Izzo, Michigan State take on all comers

Spartans coach has put his team through brutal early-season schedule

National notebook

December 19, 2003|By Don Markus | Don Markus,SUN STAFF

Tom Izzo surely didn't think the nonconference schedule he put together for his Michigan State team would turn the Spartans from national championship contenders into the biggest bust in college basketball this season.

Was it a lack of humility or foresight that caused Izzo to book trips to Kansas, UCLA and Syracuse on top of home games against Duke, Oklahoma and Kentucky?

"I've learned a lot, I can see why some guys schedule some ways," Izzo said this week on the Big Ten teleconference. "I said earlier that we bit off a little more than we could chew."

The Spartans have been swallowed up by the rigorous competition. While Michigan State has shown improvement since losing to the Blue Devils by 22 in the ACC/Big Ten Challenge, it hasn't been enough.

"The only regret I have is the timing of the thing, maybe not putting a more, should I say, winnable game in between and giving us more time to practice," said Izzo.

After ending a three-game losing streak with Tuesday's home win over South Florida, the 4-4 Spartans will take on UCLA in Los Angeles tomorrow.

When he made the schedule last spring, Izzo was counting on sophomore forward Erazem Lorbek to build off the promise he had shown as a freshman and top recruit Brandon Cotton to step in at point guard.

Lorbek, who averaged a little more than six points and three rebounds last season, chose instead to make himself available for the NBA draft and signed with an agent. He went undrafted and is now playing in Europe.

Cotton, who, along with fellow freshman shooting guard Shannon Brown, was supposed to give the Spartans the Big Ten's backcourt of the future, has played just a few minutes because of a stress fracture in his right foot.

"There's always issues and always reasons, but probably the biggest reason is that we've played some good people," said Izzo. "We've done enough good things to be in enough games with a minute or two left in three of the four, but not finding a way a win, that's concerning."

The departure of Lorbek, a good outside shooter, has enabled teams to double up on 6-foot-11 sophomore Paul Davis inside. Davis struggled early, and Michigan State went from the Big Ten's top rebounding team the past six years (and one of the nation's best) into a team barely out-rebounding the opposition.

That wasn't Izzo's only area of concern.

The Spartans, always one of the best defensive teams in the Big Ten, have been ranked last in field-goal percentage defense (46.8). Against South Florida, Izzo moved Jason Andreas back into the power forward spot, and had point guard Alan Anderson coming off the bench.

"We are struggling at power forward right now, we have been struggling a little bit at the point," said Izzo. "[Alan] Anderson is a very good player that has struggled a little bit. Then losing Cotton has hurt a little bit."

Cotton could be back for tomorrow's game against UCLA. That will help Anderson, a 6-4 junior who has been hurt by moving from shooting guard to the point.

"I think a guy has to want to do something before he can," Izzo said of Anderson earlier this week. "Sometimes your confidence does get taken away when you get pasted like we did a few times."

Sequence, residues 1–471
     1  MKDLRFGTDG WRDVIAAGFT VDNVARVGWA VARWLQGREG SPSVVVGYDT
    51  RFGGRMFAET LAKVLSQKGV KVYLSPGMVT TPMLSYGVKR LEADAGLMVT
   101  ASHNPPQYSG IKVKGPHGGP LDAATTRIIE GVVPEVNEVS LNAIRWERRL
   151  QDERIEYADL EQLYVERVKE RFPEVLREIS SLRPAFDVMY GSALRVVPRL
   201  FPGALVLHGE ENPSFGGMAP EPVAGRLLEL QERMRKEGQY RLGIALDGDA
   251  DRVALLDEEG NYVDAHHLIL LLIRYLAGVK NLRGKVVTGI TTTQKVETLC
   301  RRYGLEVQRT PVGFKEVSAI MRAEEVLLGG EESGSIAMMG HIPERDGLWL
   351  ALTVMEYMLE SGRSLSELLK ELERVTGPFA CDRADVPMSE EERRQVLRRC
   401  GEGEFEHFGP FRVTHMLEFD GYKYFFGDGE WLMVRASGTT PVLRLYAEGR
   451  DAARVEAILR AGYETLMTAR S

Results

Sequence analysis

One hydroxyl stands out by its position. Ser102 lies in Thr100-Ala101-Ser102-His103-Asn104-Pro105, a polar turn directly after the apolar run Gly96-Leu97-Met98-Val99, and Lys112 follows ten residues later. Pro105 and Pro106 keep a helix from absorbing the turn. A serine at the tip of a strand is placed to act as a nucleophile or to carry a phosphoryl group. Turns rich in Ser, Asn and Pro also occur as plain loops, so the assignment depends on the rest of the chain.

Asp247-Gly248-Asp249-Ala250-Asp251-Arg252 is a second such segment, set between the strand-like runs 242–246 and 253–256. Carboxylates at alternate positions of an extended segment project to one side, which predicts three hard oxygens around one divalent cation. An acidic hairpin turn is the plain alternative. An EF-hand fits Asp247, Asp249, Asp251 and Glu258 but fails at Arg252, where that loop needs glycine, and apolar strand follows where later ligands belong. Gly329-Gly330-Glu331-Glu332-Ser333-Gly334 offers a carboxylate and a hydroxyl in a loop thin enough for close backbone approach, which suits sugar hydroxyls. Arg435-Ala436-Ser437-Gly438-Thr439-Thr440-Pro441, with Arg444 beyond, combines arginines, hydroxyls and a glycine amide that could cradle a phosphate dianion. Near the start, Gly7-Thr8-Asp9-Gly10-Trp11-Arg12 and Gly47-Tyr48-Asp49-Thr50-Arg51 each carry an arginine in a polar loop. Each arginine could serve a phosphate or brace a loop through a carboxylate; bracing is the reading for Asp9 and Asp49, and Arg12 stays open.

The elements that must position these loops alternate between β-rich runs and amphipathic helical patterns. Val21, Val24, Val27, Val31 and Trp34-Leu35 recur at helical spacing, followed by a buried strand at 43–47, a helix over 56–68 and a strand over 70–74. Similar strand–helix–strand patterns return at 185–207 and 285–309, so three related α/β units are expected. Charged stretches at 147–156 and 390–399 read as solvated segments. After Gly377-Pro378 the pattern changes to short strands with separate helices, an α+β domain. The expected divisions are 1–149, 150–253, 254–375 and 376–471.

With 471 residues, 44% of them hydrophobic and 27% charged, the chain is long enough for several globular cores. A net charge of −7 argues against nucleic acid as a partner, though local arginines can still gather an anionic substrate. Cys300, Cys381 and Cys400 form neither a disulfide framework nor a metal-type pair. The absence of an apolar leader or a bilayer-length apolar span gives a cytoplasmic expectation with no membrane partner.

Moving on

When Akron freshmen Romeo Travis and Dru Joyce III walked into North Carolina's Smith Center on Sunday, it was as if they were going back in time. Not too far back, in fact only to last season.

"My high school career prepared me for college more than I thought it would," said Travis, a 6-6 forward. "That [playing at North Carolina] wasn't new for me. I've been in a hostile environment. It was like another day at the office."

The office was a lot more hectic than last year. Travis and Joyce were teammates at Akron's St. Vincent-St. Mary High School with LeBron James, and had been part of the circus-like atmosphere that followed James.

Their new life is quite different.

"It has its ups and downs," said Joyce, a 5-7 guard. "We got a lot of attention last year everywhere we went. After you get used to all that attention everyone is giving you, you kind of miss it sometimes."

Said Travis, a 6-6 forward, "Now it feels good to be a normal person sometimes. Sometimes people still come up to me and say, 'You played with LeBron James?' Sometimes it feels good to be noticed."

Both Travis and Joyce have been noticed for their own accomplishments this season.

Travis scored a season-high 13 points in 21 minutes against the Tar Heels, while Joyce had 10 points in his college debut against Cincinnati and played 35 minutes against Radford.

Cardinal wins

Stanford has quietly put together one of the more impressive starts in college basketball this season, winning its first six games despite not playing with senior forward Josh Childress. The team's top returning scorer from last season has been out with a stress fracture in the left foot.

With a victory over then-No. 1 ranked Kansas a couple of weeks ago, the Cardinal gave notice that it should be more than a one-team race (Arizona being that team) in the Pac-10 this season. Stanford, now ranked ninth, hosts No. 13 Gonzaga tomorrow in the Pete Newell Challenge.

"You look around, and we have 15 guys who are pretty good," said Childress, who expects to be back for the start of the conference season.

What's even more amazing is that the Cardinal has played its past two games without point guard Chris Hernandez, who led the team in scoring before suffering from back spasms. Hernandez will be needed against Gonzaga and its All-America candidate, Blake Stepp.

"Josh is our best player, and Chris is No. 2," said guard Matt Lottich. "Hopefully, we'll be able to play team ball once they're back, and that will make us even better."

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